By Jean Byrne, BVM
BVM Center News, August 1998
Some people seem to be uniquely qualified for the needs of the time in which they live. One of these, Alice Rutherford, was born a New England puritan in Monckton, Vermont, in 1841.
Her family moved to Iowa when the children were small, and it was there that Mrs. Rutherford and two of her children, Alice and George, became Catholics. Their “apostasy” so alienated Mr. Rutherford that he deserted the family. (He died reconciled to his family and a Catholic.)
Alice taught school in Muscatine until the death of her mother in 1867, when she entered the BVMs. Her abilities in business and administration were immediately obvious to Mary Frances Clarke and Gertrude Regan.
So after three years of teaching, Loyola was made superior, an office she held in various places the rest of her life. She was elected consultor to Mary Frances Clarke in 1881 as well, and served in a similar position under Mothers Gertrude, Cecilia, and Ascension.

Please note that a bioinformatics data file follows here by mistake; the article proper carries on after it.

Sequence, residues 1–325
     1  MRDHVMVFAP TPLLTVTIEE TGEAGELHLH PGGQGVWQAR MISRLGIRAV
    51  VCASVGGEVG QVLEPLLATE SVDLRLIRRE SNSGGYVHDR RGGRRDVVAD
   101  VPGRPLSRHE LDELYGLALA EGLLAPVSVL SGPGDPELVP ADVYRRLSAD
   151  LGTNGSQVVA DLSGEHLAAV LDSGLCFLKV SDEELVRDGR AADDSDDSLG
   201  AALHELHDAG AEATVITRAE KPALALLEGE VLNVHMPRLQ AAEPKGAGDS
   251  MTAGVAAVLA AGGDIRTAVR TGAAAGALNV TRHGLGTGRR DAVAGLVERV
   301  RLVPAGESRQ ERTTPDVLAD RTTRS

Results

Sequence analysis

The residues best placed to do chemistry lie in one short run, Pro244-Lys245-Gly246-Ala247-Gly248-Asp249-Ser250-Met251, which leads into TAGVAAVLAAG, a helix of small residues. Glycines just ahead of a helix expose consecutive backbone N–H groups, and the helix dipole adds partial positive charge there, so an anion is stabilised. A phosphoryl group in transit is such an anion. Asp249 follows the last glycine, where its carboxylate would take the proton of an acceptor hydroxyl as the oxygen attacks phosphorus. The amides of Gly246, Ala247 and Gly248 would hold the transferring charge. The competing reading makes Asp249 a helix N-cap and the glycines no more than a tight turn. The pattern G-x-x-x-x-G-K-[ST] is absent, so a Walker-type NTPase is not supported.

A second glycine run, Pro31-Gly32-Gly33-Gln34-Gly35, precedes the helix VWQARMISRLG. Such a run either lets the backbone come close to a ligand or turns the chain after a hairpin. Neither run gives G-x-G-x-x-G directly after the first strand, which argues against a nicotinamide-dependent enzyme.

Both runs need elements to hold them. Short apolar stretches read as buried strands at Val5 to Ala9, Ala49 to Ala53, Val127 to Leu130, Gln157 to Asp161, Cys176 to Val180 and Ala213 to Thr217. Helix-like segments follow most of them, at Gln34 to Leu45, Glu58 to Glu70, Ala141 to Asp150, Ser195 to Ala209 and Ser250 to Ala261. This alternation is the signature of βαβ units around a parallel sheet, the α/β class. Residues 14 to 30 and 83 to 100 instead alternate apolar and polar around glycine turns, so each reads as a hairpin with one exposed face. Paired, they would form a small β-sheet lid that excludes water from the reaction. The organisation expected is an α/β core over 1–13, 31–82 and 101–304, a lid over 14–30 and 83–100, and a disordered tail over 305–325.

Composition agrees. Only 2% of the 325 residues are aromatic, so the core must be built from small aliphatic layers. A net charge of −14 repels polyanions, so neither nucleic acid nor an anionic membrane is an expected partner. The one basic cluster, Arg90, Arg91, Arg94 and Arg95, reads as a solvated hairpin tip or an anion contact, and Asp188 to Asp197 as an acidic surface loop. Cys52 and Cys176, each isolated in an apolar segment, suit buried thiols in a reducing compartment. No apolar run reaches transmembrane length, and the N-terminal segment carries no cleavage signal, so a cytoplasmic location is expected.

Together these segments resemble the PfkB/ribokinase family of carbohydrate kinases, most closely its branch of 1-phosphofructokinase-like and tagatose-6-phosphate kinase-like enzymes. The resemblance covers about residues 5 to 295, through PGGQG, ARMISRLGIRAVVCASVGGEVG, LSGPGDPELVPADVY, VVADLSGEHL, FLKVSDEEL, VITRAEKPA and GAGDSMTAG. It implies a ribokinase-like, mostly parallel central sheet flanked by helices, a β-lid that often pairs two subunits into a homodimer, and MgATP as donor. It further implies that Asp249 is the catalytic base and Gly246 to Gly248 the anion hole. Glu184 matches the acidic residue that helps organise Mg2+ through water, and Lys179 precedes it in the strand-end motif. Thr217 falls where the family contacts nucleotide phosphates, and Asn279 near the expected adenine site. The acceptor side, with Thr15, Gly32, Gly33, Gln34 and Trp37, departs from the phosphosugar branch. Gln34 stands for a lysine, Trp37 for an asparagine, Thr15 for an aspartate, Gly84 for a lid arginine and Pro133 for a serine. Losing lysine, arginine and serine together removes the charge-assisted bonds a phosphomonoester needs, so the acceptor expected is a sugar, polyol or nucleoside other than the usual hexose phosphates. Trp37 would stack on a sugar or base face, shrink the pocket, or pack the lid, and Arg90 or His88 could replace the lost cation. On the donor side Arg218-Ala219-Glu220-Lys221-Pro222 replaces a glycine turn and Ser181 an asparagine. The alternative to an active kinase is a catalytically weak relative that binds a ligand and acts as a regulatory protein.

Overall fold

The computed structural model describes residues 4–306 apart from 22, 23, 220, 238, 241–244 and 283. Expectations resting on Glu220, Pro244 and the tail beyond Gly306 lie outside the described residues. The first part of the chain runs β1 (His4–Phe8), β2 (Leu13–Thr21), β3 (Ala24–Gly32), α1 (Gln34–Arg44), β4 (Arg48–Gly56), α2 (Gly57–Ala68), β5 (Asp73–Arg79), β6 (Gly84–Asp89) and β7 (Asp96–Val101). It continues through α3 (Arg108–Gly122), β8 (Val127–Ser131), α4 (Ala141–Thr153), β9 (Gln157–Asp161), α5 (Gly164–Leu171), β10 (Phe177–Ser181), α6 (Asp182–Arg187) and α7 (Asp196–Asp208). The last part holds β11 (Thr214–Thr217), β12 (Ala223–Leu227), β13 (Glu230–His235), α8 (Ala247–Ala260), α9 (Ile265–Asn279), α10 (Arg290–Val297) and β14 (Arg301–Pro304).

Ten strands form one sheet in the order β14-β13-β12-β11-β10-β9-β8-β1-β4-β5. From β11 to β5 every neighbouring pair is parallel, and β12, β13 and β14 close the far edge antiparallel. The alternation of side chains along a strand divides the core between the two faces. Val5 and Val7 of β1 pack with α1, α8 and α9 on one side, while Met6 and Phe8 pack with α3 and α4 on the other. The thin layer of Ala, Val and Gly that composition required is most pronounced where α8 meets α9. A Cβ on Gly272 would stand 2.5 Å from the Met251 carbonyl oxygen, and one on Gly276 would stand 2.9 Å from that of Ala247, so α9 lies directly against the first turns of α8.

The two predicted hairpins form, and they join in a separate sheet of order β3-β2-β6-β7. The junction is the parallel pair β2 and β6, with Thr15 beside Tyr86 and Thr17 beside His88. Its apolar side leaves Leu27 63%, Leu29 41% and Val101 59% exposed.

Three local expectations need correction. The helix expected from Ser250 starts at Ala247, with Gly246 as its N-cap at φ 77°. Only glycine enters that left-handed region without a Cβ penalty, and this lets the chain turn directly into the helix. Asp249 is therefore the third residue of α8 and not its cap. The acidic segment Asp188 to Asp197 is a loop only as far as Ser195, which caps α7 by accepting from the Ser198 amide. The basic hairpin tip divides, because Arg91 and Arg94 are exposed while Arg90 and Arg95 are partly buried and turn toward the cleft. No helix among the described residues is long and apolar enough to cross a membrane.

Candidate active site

Lewine Enderle remembered Loyola as Mother Gertrude’s right hand in financial and building problems, but Valesia Wilkins added a different dimension: she would see Loyola come down to the refectory to visit the resident cat and tenderly cuddle it.
When the decision was made to build a new Motherhouse in Dubuque, Loyola and Gonzaga McCloskey were sent to visit Motherhouses and to consult about sizes, costs, and architecture.
Loyola supervised the construction of the new building.
She was a talented and indefatigable landscaper who had shade trees and pines planted around the Motherhouse, orchards behind it, and a double row of pine trees set along the path to the cemetery. In fact, since oaks were the only trees native to the Mount Carmel property, Loyola is responsible for every other tree and shrub (or its successor) growing there.
Loyola didn’t appear to grow old, although at 74 she was well beyond the life expectancy of the time. She was unfailingly kind, especially to the infirm.
Mother Cecilia tells that as she was dying from the influenza that was ravaging the country in December 1915, Loyola remarked to the sister who was arranging her room, “Say, Sis, it snowed last night and pines and cedars up the walk and out on the hills must look lovely.”
She was pleased to hear that they did. She would have been even more pleased to know that the pines and cedars she had planted on the way to the cemetery would be bending low under the weight of newly fallen snow that Monday in December when Loyola Rutherford traveled the pine walk for the last time.